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3 simple steps to improve skin tones

Added on Saturday 22nd of January 2005 06:58 am EST
Adobe Photoshop CS/CS2/CS3
Operating Systems:
Microsoft Windows, Macintosh

Proper lighting can enhance your subject’s skin tone, but mismatched lighting will cause unwanted colorcasts. For example, outdoor lighting in the winter is especially harsh, and the elements can make anyone’s skin look blotchy. Rather than schedule a re-shoot in a controlled environment, you can easily correct skin color in Photoshop.

To show you how to bring out the true colors of your subject’s skin, we’ll:

  • Create a mask to edit a specific area while leaving the rest of the image untouched.
  • Evaluate skin color using the Info palette to determine how much correction you need.
  • Use the Curves command to restore skin tone balance.

One of the trickiest things to do in portrait photography is to capture accurate skin tones. While you usually fix skin tone problems during the image-editing process, deciding on the best way to approach this can prove just as difficult. The Curves command is useful for trickier image refinements such as color correction, because it allows you to control the specific amount of color in your image’s sampled pixels without affecting other colors. This makes it a great tool for evening out skin tone without sacrificing quality or creating an unnatural appearance. We’ll show you how to use the Curves command to remove skin discolorations from your portrait shots so you can achieve the same results as the before and after shots shown in Figure A.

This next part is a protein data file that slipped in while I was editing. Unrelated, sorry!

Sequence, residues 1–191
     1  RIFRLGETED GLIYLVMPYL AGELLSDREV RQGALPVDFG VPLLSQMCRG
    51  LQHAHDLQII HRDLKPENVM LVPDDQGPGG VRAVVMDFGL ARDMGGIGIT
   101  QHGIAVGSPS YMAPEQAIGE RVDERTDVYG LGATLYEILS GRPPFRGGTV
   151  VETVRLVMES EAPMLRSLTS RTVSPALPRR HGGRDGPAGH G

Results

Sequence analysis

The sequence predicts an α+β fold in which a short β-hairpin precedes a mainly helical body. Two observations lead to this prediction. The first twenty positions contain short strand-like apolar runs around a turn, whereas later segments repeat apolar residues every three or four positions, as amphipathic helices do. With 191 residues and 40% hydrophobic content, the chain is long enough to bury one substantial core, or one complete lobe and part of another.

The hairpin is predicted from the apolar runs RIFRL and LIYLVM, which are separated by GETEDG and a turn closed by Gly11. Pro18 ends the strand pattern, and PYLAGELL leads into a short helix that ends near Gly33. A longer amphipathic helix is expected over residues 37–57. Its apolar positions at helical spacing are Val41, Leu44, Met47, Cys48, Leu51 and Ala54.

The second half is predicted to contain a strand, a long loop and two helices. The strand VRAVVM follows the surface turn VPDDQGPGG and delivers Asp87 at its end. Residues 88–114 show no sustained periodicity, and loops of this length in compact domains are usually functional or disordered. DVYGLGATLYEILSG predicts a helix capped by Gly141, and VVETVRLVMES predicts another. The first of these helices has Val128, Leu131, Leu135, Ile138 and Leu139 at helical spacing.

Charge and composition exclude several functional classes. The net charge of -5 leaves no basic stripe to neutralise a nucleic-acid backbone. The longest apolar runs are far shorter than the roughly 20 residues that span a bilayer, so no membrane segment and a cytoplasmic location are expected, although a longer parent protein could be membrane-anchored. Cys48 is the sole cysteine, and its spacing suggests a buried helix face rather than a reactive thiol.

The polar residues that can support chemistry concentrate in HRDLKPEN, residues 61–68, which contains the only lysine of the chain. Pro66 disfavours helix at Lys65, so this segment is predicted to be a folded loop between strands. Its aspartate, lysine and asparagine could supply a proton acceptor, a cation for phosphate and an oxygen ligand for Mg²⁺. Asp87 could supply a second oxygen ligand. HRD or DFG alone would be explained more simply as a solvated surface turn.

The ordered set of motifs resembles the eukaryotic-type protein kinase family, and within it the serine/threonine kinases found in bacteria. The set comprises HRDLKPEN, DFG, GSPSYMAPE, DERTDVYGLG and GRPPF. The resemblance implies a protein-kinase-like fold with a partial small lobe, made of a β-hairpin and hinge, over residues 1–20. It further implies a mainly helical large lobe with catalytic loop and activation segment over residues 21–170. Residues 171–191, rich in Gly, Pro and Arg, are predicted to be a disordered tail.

A1: Before

A2: After

Get in the mode
To begin, open an image in Photoshop. If you want to follow along with our example, download the file from the URL listed at the beginning of this article, extract the file woman.JPG, launch Photoshop and open the file. (Images provided by PhotoSpin. Some images modified for educational purposes.)
    v      If your image is in RGB Color mode, as is ours, choose Image > Mode > CMYK Color to convert it. This mode gives you direct access to magenta and yellow—the two colors that typically cause skin discoloration.

Note: Because it’s best to perform most of your image-editing tasks while in the RGB Color mode, you should do this sort of color correction toward the end of your editing session—just before sharpening.

Step 1: Make a selection
In order to color-correct the skin tone without affecting color elsewhere in the image, you must first select the area. You’ll do this by creating a mask.

To create a selection mask:
  1. Double-click on the Edit In Quick Mask Mode button in the Tools palette to open the Quick Mask Options dialog box, select the Selected Areas option button, and click OK. You should now be in Quick Mask Mode.
  2. Select the Brush tool from the Tools palette and click on the triangle to the right of the Brush thumbnail on the tool Options bar to open the Brush Preset Picker.
  3. Select a soft round brush that’s large enough to paint over the areas of skin in your image quickly. You&rsquo...

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